Decay Constant
Quantum and Nuclear

Decay constant, radioactive

Glossary Definition for 16-19 IOP Glossary Project


Radioactivity is a random process; it is impossible to predict exactly when a particular nucleus will decay.

However, it is possible to determine the probability that a nucleus will decay in a given time.

For a particular decay mechanism, the radioactive decay constant for a nuclide is defined as the probability per unit time that a given nucleus of that nuclide will decay by that mechanism. The radioactive decay constant is usually represented by the symbol λ. The definition may be expressed by the equation

P = λ Δt

where P is the probability of a given unstable nucleus decaying in the time interval Δt which must be much smaller than the half-life of the nuclide.

If there are initially N nuclei in a sample, the average change in that number, ΔN, resulting from decays after time Δt is

ΔN = -λ N Δt


Any sample of a radioactive nuclide whose activity is practically measurable will contain a number of nuclei, N, in excess of ~ 1020 . The proportion of these nuclei that decay in time Δt will get closer and closer to the expected proportion, λ Δt, the larger the value of N, so this proportion can usually be considered exact in practice.

The decay constant depends only on the particular radioactive nuclide and decay mechanism involved. It does not depend on the number of nuclei present or on any external conditions (such as temperature).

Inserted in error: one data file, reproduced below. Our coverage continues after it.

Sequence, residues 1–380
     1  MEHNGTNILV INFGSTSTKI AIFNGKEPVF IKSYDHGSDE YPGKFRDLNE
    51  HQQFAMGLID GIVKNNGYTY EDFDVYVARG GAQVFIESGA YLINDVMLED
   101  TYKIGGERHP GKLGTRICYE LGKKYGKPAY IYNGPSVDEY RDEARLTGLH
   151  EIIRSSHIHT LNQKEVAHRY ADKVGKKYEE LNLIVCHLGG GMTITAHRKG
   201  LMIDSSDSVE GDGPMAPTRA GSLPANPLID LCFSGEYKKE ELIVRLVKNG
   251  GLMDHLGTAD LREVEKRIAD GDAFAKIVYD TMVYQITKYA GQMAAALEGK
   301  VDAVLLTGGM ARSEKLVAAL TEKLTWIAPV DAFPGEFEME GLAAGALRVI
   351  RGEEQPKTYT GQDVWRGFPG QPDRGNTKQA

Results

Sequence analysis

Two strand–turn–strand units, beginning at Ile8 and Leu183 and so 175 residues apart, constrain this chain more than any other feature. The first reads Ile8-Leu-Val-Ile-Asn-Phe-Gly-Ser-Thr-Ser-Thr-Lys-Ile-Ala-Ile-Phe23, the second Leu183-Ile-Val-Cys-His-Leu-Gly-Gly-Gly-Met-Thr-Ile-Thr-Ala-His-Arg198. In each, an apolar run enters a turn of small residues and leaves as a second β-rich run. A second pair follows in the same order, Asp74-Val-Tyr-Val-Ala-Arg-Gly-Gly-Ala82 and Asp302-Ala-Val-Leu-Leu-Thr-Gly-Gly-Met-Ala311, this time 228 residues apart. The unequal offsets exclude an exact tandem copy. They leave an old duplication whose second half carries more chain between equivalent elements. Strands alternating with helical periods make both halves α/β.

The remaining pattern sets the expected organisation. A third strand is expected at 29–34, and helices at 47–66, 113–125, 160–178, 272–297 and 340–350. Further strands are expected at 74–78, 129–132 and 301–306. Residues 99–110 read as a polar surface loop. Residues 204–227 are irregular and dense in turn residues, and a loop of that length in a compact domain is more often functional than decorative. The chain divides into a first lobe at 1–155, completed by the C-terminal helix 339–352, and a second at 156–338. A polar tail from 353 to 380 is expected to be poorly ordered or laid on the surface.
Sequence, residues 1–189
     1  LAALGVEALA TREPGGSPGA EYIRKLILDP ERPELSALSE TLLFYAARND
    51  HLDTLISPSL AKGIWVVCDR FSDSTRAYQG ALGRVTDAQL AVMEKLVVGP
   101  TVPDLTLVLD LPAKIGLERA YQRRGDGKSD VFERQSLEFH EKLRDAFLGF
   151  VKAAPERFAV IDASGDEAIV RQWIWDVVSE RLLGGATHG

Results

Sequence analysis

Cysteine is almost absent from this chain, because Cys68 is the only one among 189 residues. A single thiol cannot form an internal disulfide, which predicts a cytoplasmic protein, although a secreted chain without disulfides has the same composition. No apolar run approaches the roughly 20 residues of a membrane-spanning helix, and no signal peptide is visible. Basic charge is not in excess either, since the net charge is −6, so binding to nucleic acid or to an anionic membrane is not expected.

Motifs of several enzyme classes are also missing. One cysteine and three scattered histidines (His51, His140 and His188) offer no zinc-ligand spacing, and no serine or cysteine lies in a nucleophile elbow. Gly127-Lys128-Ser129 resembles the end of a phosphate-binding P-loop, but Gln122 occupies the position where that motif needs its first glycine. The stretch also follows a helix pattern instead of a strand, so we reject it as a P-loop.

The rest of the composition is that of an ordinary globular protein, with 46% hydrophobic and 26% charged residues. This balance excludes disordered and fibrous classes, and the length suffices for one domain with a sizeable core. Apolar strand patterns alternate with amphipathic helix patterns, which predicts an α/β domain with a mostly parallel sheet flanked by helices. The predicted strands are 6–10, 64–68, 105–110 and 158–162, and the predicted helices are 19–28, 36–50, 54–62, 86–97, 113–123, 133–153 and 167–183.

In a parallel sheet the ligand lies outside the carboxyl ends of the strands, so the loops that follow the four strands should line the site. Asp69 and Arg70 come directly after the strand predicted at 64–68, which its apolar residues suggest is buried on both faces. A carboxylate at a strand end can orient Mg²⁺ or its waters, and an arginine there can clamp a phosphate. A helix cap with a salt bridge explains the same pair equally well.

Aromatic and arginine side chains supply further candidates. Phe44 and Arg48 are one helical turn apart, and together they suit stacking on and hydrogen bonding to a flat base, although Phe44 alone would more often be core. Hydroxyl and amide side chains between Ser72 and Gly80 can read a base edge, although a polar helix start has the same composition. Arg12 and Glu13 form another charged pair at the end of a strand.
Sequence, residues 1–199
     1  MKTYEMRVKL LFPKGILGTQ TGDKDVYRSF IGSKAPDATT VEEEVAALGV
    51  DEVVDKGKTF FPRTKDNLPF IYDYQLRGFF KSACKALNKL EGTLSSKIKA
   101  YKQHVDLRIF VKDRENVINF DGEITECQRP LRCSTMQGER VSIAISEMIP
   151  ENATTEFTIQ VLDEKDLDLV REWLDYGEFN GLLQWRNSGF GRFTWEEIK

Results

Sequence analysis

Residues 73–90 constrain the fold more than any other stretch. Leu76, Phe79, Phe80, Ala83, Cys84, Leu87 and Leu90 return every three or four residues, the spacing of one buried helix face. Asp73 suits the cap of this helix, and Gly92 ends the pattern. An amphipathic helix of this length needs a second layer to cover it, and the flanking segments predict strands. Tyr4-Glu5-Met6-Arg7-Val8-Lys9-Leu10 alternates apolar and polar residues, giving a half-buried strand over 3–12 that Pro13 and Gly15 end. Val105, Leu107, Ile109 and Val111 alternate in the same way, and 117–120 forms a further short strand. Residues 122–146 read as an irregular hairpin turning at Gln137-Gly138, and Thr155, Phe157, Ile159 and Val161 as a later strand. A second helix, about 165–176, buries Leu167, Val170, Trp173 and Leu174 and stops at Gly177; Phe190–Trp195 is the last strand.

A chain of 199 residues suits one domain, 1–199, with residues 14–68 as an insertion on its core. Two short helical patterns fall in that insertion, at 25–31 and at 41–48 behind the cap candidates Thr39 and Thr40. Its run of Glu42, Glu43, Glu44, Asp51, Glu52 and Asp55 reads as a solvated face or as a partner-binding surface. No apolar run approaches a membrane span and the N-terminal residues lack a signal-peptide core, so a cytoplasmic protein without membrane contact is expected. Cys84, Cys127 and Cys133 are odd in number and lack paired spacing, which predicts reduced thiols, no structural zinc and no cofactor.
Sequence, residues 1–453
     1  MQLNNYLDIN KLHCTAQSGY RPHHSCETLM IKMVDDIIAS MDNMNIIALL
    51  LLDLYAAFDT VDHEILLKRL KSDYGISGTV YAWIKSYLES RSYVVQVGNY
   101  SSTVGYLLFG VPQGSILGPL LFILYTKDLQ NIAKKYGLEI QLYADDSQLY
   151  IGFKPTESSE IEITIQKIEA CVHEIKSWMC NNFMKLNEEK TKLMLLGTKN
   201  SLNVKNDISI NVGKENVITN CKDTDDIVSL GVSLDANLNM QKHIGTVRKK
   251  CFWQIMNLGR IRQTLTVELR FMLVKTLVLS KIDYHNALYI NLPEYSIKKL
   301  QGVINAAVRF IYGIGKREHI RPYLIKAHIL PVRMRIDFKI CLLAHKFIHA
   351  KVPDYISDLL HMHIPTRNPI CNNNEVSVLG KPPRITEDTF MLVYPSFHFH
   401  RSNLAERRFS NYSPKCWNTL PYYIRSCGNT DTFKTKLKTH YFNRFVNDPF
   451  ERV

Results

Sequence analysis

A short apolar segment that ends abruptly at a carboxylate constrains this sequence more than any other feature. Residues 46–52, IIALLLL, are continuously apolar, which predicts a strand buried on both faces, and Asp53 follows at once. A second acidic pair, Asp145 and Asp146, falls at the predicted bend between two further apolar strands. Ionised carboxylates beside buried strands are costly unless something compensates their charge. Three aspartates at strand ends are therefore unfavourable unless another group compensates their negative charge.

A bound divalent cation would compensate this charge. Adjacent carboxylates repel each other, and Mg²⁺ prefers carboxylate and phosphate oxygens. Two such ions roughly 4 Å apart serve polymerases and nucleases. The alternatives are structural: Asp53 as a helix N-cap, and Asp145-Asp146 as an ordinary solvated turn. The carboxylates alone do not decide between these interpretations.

In most radioactive samples, there will be more than one way of decaying, either due to different processes within one nuclide or due to there being a mixture of nuclides. In these circumstances, each type of decay process must be considered independently. It is not possible to combine decay constants in a simple way.

SI unit

inverse seconds,  s-1

Expressed in SI base units


Other commonly used unit(s)

 minutes-1,  hours-1,  years-1

Mathematical expressions

  • P = λ Δt
  • where P is the probability of a given unstable nucleus decaying in the time interval Δt which must be much smaller than the half-life of the nuclide.
  • In calculus notation, the instantaneous rate of decay of a nuclide, i.e. its activity, A, is given by
  • A = -dNdt = λ N where N is the number of radioactive nuclei at that instant.
  • t1/2 = ln 2λ
  • where t1/2 is the half-life of the nuclide

Related entries

  • Activity of a radioactive source
  • Half-life, radioactive

In context

Decay constants have a huge range of values, particularly for nuclei that emit α-particles. For example, the most common isotope of uranium, 238U, has a decay constant of 1.546 × 10–10 yr–1 corresponding to a half-life of 4.5 billion years, whereas 212Po has λ  = 2.28 × 106 s–1, corresponding to a half-life of 304 ns.

Decay Constant
appears in the relation A=-λN t_1/2=ln2/λ ΔN=-NλΔt
is used in analyses relating to Ionising Radiation
can be determined for an Unstable Nucleus
can be determined for a Nuclide
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